|Publication number||US4921481 A|
|Application number||US 07/172,055|
|Publication date||1 May 1990|
|Filing date||23 Mar 1988|
|Priority date||23 Mar 1988|
|Also published as||CA1326264C, DE68903973D1, DE68903973T2, EP0334086A2, EP0334086A3, EP0334086B1|
|Publication number||07172055, 172055, US 4921481 A, US 4921481A, US-A-4921481, US4921481 A, US4921481A|
|Inventors||Roger G. Danis, Ronald M. Isaac, Harry A. Puryear, Jr.|
|Original Assignee||Abbott Laboratories|
|Export Citation||BiBTeX, EndNote, RefMan|
|Patent Citations (10), Referenced by (69), Classifications (13), Legal Events (6)|
|External Links: USPTO, USPTO Assignment, Espacenet|
In many patients, gastrointestinal feeding is the preferred route of nutrient delivery with either the stomach or the upper portion of the small intestine being the two areas of major importance. Proper positioning of the feeding end of an enteral feeding tube in the desired area of the gastrointestinal tract has always been a problem. Even after proper positioning of the feeding end of a feeding tube in either the stomach or the small intestine, it is possible that the feeding end of the tube may unknowingly migrate from the selected area whereupon the patient may be subject to a risky feeding situation. A common method of initially positioning and then monitoring the proper positioning of the feeding end of such a gastrointestinal feeding tube has been by the use of X-ray. To repeatedly verify proper placement in this manner is not only cumbersome and expensive, but it also subjects the patient to unnecessary X-ray exposure.
One attempt to improve this situation is disclosed in U.S. Pat. No. 4,381,011 to Somers, dated April 26, 1983, wherein the pH or acidity of certain portions of a gastrointestinal tract are monitored by a pH measuring device positioned on the end of a feeding tube. However, as the pH may vary as the feeding process proceeds and may also be affected by extraneous factors, the monitored results may be seriously deficient as to the desired accuracy thereof. X-rays, etc. would probably be necessary for back-up purposes.
Further as to Somers and applicants' disclosure herein, the basic functions of the gastrointestinal system, the primary organs being the esophagus, the stomach, and the small intestine, are to mechanically transport foodstuff, chemically break down complex food ingredients, and to absorb processed foodstuff into the blood. Each of the noted primary organs possesses a muscle coat which contracts and propels the foodstuff along the system (peristalsis). This muscle contraction is controlled by nerve tissue via the movement of calcium and other ions from inside the cell to outside the cell and vice versa. This effect begins at a specific anatomical region called a pacemaker and propagates through the muscle mass of that organ. A complete cycle consists of depolarization, hyperpolarization and repolarization of the cell wall. The ion concentrations undergo increases and decreases during the cycle with each of the foregoing organs being characterized by its own cyclic frequency. This ion movement causes a chemical interaction at the surface of applicants' feeding tube electrodes whereby electrical potentials are created, voltage being the unit of measure for the difference between the two sources of electrical potential, applicants' electrodes. Applicants' feeding tube electrodes therefore detect any cyclic change in electrical voltage at their location in a patient's gastrointestinal tract.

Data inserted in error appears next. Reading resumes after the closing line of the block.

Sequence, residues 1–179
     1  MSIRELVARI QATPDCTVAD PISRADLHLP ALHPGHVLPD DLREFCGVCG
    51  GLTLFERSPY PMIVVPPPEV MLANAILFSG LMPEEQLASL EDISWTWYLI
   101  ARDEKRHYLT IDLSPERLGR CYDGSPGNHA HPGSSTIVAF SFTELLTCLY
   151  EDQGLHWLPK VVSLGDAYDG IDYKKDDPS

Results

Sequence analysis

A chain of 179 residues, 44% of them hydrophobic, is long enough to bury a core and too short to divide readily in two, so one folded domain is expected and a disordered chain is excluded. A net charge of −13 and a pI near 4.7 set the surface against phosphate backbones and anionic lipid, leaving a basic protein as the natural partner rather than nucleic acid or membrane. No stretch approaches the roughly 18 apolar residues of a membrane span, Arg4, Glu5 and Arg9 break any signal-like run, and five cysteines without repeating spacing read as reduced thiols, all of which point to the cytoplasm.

Somers, on the other hand, depends on the digestive activities in the stomach where foodstuff is chemically broken down by pepsin and hydrochloric acid. The acid is produced in the stomach which is, therefore, normally a zone of high acid concentration relative to the esophagus and the small intestine due to the esophageal and pyloric sphincters at the entrance to and exit from the stomach, respectively. Acidity is measured in pH units which is the concentration of the hydrogen ion. Thus, a pH electrode undergoes a reaction which is dependent on the concentration of hydrogen ions adjacent thereto, which reaction produces an electrical potential. However, in pH systems the second potential source needed to measure a voltage must be provided by a reference electrode. It is obvious, therefore, that the pH system of Somers is affected to a much greater degree by gastrointestinal contents than is applicants' myoelectrography system disclosed herein, which myoelectrography system thus provides much more accurate results.